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Successful fostering of orphan lambs by non-pregnant ewes induced to lactate using exogenous hormone treatment

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Six nonpregnant ewes were induced to lactate by an exogenous hormone treatment lasting 6 weeks. At the end of the treatment one alien lamb was adopted by each ewe. Each ewe was initially indifferent to the alien lamb and required only mild restraint to allow the lambs to suck successfully. Maternal interest subsequently increased and strong ewe-lamb bonding was evident by 80 minutes (n=1), 10 hours (n=4) or 24 hours (n=1) in different cases. The lambs required supplementary milk for 4-6 days while milk production by the ewes increased to adequate levels. Thereafter they were reared entirely by the ewes. Another four nonpregnant ewes were induced to lactate by a similar hormone treatment and were then hand-milked thrice daily for 23 weeks. One alien lamb was then removed after 10-30 minutes. The ewes were then injected subcutaneously with 5 mg of oestradiol-17 and were placed in fostering stocks. After a further 3-5 hours the lambs were re-introduced. Strong ewe-lamb bonding occurred during the subsequent 10 hours in all cases. All 10 lambs were reared successfully by these ewes until at least 3 months of age, when observations stopped. It was concluded firstly that nonpregnant ewes induced to lactate artificially will adopt and rear orphan lambs successfully, provided that additional milk is given to meet shortfalls during the first 4-6 days; and secondly that a 5 mg injection of oestradiol-17 may facilitate fostering of lambs by ewes in established lactation whether the lactation is induced artificially or not.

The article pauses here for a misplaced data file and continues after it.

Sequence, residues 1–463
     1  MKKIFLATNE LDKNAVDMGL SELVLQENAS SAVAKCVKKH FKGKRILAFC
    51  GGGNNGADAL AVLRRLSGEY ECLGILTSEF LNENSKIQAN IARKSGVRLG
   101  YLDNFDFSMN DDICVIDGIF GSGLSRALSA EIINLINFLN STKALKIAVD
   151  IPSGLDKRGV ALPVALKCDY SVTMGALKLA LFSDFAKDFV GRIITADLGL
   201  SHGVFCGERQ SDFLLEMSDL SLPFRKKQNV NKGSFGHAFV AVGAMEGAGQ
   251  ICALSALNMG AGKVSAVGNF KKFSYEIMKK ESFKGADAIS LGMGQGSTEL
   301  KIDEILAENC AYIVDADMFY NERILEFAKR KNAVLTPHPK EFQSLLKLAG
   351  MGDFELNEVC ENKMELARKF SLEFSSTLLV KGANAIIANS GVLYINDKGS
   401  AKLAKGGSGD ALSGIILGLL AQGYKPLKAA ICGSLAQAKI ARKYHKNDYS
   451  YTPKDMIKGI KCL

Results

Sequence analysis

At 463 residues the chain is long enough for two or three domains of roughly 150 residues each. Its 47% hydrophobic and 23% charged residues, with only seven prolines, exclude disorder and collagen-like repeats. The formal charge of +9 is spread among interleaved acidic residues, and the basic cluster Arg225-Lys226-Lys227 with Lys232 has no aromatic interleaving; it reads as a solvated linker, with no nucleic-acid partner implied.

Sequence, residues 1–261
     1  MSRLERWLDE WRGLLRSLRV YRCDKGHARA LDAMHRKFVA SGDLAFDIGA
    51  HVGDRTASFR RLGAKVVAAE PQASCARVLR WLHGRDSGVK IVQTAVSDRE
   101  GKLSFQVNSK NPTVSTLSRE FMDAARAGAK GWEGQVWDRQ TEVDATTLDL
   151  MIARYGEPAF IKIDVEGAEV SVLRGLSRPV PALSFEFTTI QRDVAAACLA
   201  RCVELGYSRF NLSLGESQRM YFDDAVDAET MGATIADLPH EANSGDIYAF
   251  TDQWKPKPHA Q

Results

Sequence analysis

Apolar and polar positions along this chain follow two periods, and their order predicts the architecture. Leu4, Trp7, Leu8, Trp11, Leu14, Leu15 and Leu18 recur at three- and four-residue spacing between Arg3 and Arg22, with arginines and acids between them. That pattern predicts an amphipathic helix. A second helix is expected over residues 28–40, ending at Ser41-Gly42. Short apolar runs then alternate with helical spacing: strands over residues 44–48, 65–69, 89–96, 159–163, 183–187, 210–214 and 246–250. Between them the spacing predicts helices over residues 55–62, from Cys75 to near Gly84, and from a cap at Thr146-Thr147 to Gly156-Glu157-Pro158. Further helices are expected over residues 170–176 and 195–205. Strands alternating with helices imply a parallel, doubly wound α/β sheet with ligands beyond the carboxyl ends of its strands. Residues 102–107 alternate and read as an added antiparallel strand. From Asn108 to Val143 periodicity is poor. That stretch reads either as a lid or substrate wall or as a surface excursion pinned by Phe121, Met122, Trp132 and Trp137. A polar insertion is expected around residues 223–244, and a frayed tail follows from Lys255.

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Keywords: Behaviour; Endocrine; Mammary gland; Milk production; Reproductive hormones; Sheep

Document Type: Short Communication

Publication date: 01 December 1993

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